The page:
Last week we reviewed Verbal Poker Tells, a new book by Zachary Elwood that focuses in particular on how certain verbal patterns can prove highly revealing as hands play out.
Elwood’s first book, Reading Poker Tells, was well regarded by many in the poker community, earning praise for its contribution to the topic of tells. With Verbal Poker Tells he’s again provided a lot of concrete advice to players looking for help understanding the meaning of what their opponents are doing at the table, in this case particularly focusing on their table talk.
I recently had the opportunity to speak with Elwood about the writing of Verbal Poker Tells and how it builds upon his earlier work.
Learn.PokerNews: After writing Reading Poker Tells, what gave you the idea to write a second book about tells at the table?
Zachary Elwood: After the first book got some good reviews and feedback, I started brainstorming about doing some kind of follow-up. I’d initially thought about doing a video, but decided that would be a little difficult to pull together, and so thought I’d do a second book. Of course, it would need to be unique. I considered how no one had really focused explicitly on verbal tells and decided that might make an interesting topic to explore.
LPN: Tell us about the process of writing the book. Were there any surprises as you got further into the subject of verbal tells?
ZE: Going in I didn’t think the subject would be that complex. But the more I focused on it and found things that were meaningful, the more I realized verbal poker tells was a complicated area to investigate. I took a lot of notes on games I played, watched a ton of televised poker, and also got a lot of hands sent to me from others.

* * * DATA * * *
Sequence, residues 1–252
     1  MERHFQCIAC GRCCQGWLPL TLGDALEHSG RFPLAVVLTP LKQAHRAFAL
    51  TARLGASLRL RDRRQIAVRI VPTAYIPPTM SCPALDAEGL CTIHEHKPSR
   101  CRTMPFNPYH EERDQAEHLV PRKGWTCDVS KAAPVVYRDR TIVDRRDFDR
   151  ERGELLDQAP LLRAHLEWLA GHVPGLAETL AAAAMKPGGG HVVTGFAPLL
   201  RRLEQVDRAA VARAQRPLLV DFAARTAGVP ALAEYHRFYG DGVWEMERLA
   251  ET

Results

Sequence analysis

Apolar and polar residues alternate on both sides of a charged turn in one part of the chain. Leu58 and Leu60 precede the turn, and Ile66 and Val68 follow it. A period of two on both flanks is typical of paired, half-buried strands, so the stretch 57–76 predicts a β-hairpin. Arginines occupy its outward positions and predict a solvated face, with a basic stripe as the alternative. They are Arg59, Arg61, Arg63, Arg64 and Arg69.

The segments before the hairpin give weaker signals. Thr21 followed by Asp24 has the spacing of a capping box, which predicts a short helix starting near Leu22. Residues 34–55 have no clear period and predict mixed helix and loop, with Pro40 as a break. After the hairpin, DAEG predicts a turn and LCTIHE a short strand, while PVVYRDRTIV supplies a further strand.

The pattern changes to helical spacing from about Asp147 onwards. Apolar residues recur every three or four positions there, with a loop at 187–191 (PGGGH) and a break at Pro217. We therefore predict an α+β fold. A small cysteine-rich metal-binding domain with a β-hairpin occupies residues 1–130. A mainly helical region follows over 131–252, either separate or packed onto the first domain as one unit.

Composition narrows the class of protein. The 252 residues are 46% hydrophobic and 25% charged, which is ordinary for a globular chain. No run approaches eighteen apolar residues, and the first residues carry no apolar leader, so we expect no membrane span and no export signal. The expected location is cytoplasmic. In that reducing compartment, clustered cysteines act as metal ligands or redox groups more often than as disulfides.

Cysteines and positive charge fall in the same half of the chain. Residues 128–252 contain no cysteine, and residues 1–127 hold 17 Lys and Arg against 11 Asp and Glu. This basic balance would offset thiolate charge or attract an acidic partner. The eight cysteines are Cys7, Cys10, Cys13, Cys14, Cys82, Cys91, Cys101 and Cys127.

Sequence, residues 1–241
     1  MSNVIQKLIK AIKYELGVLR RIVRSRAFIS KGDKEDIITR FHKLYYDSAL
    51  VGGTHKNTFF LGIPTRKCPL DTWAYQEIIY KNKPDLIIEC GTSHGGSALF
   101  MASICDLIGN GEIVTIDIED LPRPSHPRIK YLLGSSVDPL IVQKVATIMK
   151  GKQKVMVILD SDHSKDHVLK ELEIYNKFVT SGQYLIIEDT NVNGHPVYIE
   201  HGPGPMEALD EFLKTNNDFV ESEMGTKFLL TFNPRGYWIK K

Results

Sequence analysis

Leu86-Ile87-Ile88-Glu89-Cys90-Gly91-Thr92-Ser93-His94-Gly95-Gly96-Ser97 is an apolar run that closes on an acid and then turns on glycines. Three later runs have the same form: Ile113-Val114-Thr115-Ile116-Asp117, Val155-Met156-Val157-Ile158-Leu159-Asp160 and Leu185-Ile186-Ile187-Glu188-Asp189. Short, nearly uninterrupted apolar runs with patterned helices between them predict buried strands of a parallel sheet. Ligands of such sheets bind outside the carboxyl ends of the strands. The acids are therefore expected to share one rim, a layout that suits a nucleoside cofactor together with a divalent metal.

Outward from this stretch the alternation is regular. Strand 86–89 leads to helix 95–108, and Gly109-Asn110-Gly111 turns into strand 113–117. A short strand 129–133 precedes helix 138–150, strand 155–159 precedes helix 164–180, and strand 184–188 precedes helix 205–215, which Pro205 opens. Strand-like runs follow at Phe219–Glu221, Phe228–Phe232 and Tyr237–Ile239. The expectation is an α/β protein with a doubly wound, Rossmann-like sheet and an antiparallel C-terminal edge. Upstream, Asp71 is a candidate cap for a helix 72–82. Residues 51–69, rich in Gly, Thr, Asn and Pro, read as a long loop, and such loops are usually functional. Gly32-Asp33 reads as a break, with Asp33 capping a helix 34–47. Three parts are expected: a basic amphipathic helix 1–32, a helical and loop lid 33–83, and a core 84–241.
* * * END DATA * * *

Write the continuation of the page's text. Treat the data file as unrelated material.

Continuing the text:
I’m much more proud of this book than the first one. I’m also proud of the work that went into getting all of the transcriptions exact and my descriptions as accurate as possible. I also think the advice is probably a little more practical and helpful than with the first one.
LPN: The examples do a great job hammering home the various points you make about particular verbal patterns — you have a lot of great evidence there to support your observations.
ZE: I thought also the hand descriptions would be entertaining to read even apart from my analysis. I thought even if people didn’t like what I had to say about the hands, people would still find it interesting reading about these players they’ve seen on TV and could draw their own conclusions from the table talk.
LPN: It was fun to read about hands I’d remembered watching — such as that Jamie Gold-Sam Farha aces-versus-kings hand on High Stakes Poker — and also to be shown how the chatter during those hands was revealing and in fact often related to common verbal tells.
ZE: When you really start to study what people are saying, you might have a long stretch of ambiguous language that is hard to decipher. But then in the middle there will be a few specific statements that fit into patterns that many people exhibit. For example, in that Gold-Farha hand they’d go on and on, then one would throw in a goading statement which suddenly narrowed his range to something very strong.